Tuesday, October 10 was World Mental Health Day. With stigmas still surrounding the discussion of mental health, I was terrified to write something that was so personal and that would portray myself as anything other than the happy person a lot of people know me to be. But armed with the knowledge that there is beauty in telling your story, and the hope that one person will find faith and support in my story, I wanted to write a piece discussing my own mental health journey.
The summer between my freshman and sophomore year of college was the first time I admitted to someone that I was depressed.
I was in the parking lot of the J.C. Penney’s at the Rockaway Mall in suburban New Jersey when I told my grandma that I couldn’t remember a time in my life when I didn’t have a heaviness in my chest and a pit in my stomach, that I felt hopeless, that I didn’t want to return to Buffalo for my sophomore year, that I don’t know what it meant to be truly happy.
That moment in the parking lot set off a chain of events. I started seeing a therapist. I transferred to Buffalo State College, a more diverse liberal arts school across town with smaller class sizes, and rushed a sorority full of strong and supportive women who were just like me. I learned about what was “wrong” with me. The dread any time I had to engage in a large-group social interaction, the heaviness, the tightness in my chest, the inability to focus and, then, the hyperfocusing, the irritability and mood swings; they were all related to Attention Hyperactivity Attention Disorder. I hadn’t been diagnosed as a child because I was a girl who got good grades and “smart girls can’t have ADHD.”
Since my diagnosis, I learned to manage my ADHD. I learned what it feels like when my cognitive fuel tank is too full; when I’ve done too much in a day and just need to veg. I know what to do when I’m unable to focus, when I feel the pit in the base of my stomach, when I feel the heaviness. I still dread being in a large group. At a party, I’m the person conversing intently with one or two people. Social events where I don’t know anyone scare the heck out of me.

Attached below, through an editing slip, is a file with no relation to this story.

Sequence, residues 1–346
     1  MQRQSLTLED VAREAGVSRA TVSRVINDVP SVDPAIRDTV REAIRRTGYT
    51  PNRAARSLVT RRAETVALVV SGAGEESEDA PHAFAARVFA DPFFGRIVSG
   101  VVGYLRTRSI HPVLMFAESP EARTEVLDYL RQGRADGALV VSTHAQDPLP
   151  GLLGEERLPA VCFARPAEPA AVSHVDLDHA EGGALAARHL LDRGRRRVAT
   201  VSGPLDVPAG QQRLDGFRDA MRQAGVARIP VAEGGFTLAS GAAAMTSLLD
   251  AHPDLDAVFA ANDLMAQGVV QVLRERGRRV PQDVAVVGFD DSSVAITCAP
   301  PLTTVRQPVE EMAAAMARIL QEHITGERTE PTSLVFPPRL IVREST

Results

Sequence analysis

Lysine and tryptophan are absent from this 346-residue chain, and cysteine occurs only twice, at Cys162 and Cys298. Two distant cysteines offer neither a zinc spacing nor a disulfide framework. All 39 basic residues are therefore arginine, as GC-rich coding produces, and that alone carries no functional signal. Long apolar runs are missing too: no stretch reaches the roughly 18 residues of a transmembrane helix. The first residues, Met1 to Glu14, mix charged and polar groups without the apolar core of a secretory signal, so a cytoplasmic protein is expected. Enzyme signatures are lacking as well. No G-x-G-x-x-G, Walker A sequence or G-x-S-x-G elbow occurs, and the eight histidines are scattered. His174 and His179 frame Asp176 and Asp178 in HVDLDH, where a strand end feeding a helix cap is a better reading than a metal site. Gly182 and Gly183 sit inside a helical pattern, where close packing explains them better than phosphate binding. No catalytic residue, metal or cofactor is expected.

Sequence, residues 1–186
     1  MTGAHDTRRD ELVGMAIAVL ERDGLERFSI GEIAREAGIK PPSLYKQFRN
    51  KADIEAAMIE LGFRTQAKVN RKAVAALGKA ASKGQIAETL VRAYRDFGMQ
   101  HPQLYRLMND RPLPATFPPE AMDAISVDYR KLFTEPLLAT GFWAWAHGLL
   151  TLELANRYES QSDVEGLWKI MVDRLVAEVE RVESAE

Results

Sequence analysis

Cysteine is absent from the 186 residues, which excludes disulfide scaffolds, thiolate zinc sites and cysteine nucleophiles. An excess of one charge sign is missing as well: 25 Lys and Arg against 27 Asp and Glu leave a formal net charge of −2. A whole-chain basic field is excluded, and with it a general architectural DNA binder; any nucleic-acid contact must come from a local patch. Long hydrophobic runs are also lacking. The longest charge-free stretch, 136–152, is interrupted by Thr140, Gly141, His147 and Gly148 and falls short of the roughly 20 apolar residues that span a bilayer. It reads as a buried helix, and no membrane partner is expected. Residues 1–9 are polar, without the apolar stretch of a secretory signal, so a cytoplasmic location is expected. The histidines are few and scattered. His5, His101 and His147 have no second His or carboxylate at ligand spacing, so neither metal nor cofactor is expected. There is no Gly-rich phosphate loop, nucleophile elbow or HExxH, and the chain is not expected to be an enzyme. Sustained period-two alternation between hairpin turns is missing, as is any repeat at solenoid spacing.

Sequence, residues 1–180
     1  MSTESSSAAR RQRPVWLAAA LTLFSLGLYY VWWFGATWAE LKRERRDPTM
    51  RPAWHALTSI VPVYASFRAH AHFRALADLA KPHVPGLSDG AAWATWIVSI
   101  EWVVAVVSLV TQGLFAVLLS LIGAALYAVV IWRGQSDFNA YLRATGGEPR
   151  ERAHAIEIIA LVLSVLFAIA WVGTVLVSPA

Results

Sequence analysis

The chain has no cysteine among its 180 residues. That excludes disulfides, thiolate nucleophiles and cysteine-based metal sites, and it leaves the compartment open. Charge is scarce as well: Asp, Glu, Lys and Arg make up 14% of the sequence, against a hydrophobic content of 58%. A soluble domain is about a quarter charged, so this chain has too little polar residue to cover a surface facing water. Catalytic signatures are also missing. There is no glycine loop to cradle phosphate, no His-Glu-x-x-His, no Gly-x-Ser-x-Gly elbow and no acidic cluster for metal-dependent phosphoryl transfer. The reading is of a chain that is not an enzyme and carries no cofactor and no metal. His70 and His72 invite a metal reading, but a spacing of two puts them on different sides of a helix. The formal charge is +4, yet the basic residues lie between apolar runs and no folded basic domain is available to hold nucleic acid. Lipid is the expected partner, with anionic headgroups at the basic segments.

So, how do I handle working in sports, a high-paced, high-stress job where I have to talk to so many people in any given day?
I listen to my body.
On the road, when I feel like I’m too amped up to sleep or when I’m feeling antsy or anxious at all, I work out. I shoot hoops, go on a walk, visit the hotel gym. When I’m home and not feeling up to snuff, I try to do the exact opposite of what I did that day. Did I talk to a lot of people? I become anti-social. Did I spend a lot of time at my desk? I go to the gym.
Self-care is all about daily check-ins with yourself. You need to know what works for you, what feels best and what sounds right. What works for me involves a lot of singing in my car, dancing, walking around and being alone. I found this out after many sleepless nights and times when I felt like I just had enough and couldn’t do it anymore.
If you’ve reached that point, it’s okay. You will be okay. You will get through this because you are stronger than you believe. Experiment with yourself. Close your eyes and say, “okay, self, what do I need to make myself feel better?” And then, just do it. As I’ve mentioned before, give yourself that pep talk and say, "you are strong and powerful and, dagnabbit, you got this.” Because you do.
And, as always, know that we are all here to support you.